US President Barack Obama (C) speaks about health care reform before a joint session of the US Congress on Capitol Hill in Washington September 9, 2009.
President Barack Obama urged Congress to enact sweeping health care legislation Wednesday night, declaring the "time for bickering is over" and the moment has arrived to help millions who have insurance and many more without it.
His nationally televised speech to a joint session of Congress comes as Obama's popularity is falling, opposition Republicans are on the attack and his fellow Democrats are divided about what kind of plan to pursue.
"I am not the first president to take up this cause, but I am determined to be the last," Obama said.
Health care has become the definitive issue for Obama, just nine months after he took office amid enormous expectations at home and abroad. His success or failure may determine whether he has the political clout to press ahead on issues like climate change, arms control and the Afghanistan war. It is also likely to shape next year's congressional elections.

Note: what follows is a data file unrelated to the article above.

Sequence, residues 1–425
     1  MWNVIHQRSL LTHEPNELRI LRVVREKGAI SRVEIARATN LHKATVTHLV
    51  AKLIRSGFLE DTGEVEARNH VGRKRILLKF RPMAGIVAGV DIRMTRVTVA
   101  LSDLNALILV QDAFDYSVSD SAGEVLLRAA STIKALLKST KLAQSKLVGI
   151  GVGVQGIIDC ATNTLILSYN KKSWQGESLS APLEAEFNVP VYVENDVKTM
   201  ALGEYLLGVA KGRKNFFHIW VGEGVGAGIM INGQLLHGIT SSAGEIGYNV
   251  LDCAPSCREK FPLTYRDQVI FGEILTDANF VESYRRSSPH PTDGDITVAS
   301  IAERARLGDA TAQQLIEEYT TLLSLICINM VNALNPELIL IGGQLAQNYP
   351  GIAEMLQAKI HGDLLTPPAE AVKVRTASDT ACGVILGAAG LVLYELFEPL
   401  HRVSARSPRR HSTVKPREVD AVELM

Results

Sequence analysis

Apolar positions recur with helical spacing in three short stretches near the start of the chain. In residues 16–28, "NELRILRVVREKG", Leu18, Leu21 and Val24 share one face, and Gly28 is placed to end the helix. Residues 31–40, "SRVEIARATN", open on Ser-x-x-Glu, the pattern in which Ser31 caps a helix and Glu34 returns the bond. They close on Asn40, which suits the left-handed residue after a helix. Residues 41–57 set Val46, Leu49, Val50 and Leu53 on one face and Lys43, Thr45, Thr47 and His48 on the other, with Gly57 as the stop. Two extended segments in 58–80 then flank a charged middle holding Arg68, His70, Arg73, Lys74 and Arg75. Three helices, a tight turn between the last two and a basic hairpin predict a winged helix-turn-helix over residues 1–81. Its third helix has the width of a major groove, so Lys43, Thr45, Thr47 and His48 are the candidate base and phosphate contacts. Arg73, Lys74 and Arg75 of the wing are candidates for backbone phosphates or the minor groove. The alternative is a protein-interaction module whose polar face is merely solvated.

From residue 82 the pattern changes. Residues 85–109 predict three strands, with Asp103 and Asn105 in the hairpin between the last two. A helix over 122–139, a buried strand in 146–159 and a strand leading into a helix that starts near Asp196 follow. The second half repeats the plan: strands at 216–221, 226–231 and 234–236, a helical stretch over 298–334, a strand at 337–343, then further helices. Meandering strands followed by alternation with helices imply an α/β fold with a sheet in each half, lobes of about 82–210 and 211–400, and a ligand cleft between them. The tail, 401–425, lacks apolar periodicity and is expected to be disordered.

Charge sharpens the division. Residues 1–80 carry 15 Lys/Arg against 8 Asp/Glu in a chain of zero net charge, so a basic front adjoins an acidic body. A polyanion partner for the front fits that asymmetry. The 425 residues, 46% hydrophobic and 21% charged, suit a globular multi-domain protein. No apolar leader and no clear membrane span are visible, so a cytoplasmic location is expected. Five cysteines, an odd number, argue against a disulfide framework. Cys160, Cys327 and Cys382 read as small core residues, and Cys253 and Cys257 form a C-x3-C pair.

Obama said there is widespread agreement on about 80 percent of what must be included in legislation. Any yet, criticizing opposition Republicans without saying so, he added: "Instead of honest debate, we have seen scare tactics" and ideological warfare that offers no hope for compromise.
"Well, the time for bickering is over," he said. "The time for games has passed. Now is the season for action."
Obama spoke in favor of an option for the US government to sell insurance in competition with private industry. But he said he was open to alternatives that create choices for consumers.